NELF’s concern in this case was that the Massachusetts Commission Against Discrimination (“MCAD” or “Commission”) claimed, in effect, an absolute immunity from the Federal Arbitration Act (“FAA”), 9 U.S.C. §§ 1 et seq. In this case, a terminated employee alleged unlawful sex discrimination and retaliation under G. L. c. 151B. Under that chapter, such claims must be filed initially with the MCAD for administrative investigation. If the MCAD finds probable cause and the complainant so chooses, the MCAD may then both prosecute and adjudicate the claims. A complainant always has the right, however, to remove claims from the agency for adjudication in another forum.
In this case, the complainant refused to exercise her right remove her claims from the MCAD so that they could be arbitrated pursuant to a binding arbitration agreement. Instead, she insisted on remaining in the MCAD and, without saying so expressly, obtaining an adjudication there, in violation of her agreement to arbitrate. Her argument, largely couched in terms of the MCAD’s statutory power to prosecute claims, was that the MCAD is unaffected by private arbitration agreements. After the employer brought an action in Superior Court to compel arbitration, the Commission intervened on the employee’s behalf, arguing that no private agreement can divest it of jurisdiction to prosecute claims of discrimination because it is charged by the Legislature with the public mission of eliminating discrimination. The judge refused to order arbitration and the employer appealed. The SJC granted direct appellate review and solicited amicus briefs.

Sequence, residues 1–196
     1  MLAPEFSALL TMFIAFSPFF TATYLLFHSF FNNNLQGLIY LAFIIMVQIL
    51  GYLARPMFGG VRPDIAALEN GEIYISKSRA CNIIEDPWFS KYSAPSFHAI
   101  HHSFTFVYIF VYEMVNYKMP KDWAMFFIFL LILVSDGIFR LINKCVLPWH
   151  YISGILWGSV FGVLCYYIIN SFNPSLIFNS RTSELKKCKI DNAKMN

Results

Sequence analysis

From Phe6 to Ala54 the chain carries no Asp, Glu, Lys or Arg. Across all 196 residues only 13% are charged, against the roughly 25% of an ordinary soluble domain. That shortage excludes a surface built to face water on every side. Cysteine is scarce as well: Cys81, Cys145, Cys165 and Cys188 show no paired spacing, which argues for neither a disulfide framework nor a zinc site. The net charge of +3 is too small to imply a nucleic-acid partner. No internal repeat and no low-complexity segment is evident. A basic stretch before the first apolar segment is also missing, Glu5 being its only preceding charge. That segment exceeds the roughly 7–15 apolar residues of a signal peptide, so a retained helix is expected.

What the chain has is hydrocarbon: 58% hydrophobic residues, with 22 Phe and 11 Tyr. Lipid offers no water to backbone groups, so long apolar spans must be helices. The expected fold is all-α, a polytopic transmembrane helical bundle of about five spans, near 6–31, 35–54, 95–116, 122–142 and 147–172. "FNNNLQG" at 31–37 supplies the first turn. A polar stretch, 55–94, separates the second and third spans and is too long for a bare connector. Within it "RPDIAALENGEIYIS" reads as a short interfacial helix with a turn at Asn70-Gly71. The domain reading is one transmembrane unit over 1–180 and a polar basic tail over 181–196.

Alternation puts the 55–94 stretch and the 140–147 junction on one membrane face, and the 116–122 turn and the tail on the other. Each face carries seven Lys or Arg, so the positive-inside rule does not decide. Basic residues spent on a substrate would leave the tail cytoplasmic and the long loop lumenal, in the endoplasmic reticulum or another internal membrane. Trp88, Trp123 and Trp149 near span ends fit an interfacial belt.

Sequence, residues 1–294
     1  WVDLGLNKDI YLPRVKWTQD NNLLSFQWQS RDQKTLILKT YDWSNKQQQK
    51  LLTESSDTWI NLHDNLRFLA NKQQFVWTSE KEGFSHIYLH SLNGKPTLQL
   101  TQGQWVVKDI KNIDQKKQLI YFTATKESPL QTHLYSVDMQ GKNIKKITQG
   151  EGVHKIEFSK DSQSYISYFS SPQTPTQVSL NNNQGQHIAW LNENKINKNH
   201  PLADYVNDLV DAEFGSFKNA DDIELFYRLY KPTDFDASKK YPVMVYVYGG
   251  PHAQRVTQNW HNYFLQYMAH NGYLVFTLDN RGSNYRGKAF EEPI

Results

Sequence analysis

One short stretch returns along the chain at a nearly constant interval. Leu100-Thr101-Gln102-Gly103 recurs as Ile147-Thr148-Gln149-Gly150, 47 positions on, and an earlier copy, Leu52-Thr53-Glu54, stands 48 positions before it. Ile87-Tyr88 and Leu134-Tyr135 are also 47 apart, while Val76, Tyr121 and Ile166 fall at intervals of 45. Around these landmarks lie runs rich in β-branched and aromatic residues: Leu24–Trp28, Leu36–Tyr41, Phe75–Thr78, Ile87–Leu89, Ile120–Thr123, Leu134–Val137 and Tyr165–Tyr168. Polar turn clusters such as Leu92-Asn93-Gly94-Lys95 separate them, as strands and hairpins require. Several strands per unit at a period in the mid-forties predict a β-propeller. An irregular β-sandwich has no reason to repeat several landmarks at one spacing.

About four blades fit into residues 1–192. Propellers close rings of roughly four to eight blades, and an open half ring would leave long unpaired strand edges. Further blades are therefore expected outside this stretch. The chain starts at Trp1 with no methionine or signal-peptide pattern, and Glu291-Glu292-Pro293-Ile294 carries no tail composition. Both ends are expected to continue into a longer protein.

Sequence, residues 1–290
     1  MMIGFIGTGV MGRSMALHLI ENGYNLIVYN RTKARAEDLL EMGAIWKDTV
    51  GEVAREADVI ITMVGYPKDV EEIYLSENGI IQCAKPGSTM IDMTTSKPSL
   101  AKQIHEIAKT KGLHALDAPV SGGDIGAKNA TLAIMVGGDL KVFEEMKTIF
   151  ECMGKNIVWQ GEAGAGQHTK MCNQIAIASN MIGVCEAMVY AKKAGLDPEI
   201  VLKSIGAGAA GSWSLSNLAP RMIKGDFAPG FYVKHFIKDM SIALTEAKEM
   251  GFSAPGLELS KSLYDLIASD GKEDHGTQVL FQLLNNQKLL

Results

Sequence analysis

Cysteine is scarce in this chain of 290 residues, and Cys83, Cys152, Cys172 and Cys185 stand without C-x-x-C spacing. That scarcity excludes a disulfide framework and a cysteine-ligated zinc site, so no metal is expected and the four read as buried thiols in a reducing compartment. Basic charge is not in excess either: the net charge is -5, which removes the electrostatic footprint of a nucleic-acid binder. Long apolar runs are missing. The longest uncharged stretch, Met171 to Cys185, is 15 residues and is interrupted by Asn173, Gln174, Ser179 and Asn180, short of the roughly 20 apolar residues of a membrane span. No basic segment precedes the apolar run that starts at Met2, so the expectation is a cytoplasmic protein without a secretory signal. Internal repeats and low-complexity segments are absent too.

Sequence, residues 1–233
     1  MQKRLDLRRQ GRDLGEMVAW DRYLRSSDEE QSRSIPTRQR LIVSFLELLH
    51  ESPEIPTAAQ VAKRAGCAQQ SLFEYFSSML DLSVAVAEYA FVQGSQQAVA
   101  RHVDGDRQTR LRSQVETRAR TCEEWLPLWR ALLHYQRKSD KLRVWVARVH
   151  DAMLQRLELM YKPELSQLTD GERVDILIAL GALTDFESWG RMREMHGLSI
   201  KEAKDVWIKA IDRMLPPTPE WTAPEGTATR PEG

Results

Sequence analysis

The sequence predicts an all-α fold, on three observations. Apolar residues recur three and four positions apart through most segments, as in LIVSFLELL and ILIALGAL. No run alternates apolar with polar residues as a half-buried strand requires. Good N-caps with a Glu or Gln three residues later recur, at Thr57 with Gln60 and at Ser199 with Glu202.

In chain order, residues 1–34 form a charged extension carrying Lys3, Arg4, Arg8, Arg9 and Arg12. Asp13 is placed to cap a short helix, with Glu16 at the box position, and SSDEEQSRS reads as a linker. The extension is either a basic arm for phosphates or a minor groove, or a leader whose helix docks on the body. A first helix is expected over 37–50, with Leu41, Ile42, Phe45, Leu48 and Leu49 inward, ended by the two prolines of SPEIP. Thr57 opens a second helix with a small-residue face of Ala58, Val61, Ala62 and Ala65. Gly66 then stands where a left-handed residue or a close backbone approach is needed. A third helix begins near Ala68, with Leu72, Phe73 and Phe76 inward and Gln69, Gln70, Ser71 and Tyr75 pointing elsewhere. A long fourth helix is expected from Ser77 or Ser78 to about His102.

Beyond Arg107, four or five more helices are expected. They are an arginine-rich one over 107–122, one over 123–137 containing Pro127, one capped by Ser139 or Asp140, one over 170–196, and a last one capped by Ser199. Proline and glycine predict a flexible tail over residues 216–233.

Believing that if the complainant and the MCAD were to prevail, pre-dispute arbitration agreements in employment agreements encompassing discrimination claims would become voidable at the discretion of the employee and the MCAD, NELF filed an amicus brief in support of the employer. NELF argued that the arguments of the complainant and the MCAD ignore the distinction between the MCAD’s prosecutorial role and its rule as adjudicator. The U.S. Supreme Court relied on this distinction in Preston v. Ferrer, 552 U.S. 346 (2008), in which that court held that, under the FAA, state agency adjudication must yield to a private arbitration agreement. NELF argued Preston governs this case and that therefore the MCAD could not displace the arbitration agreement. This conclusion is further supported by an earlier Massachusetts discrimination case, Warfield v. Beth Israel Deaconess Medical Center, Inc., 454 Mass. 390 (2009), in which the SJC declared that an arbitration agreement waives both judicial and administrative remedies. NELF also argued that the reliance that the Commission and the complainant placed on the MCAD’s limited power to prosecute claims is doubly misguided. Not only does it fail to address the issue of adjudication specfically, but it also ignores that under c. 151B the MCAD cannot prosecute private claims unless the complainant first chooses agency adjudication, a choice the arbitration agreement here precludes. Finally, NELF argued that the position of the MCAD and the complainant contravene the strong federal and state policies favoring arbitration.
On March 10, 2011, the SJC, agreeing with NELF, quoted the holding of Preston as the rule of decision in this case and vacated the Superior Court’s decision denying the employer’s motion to compel arbitration.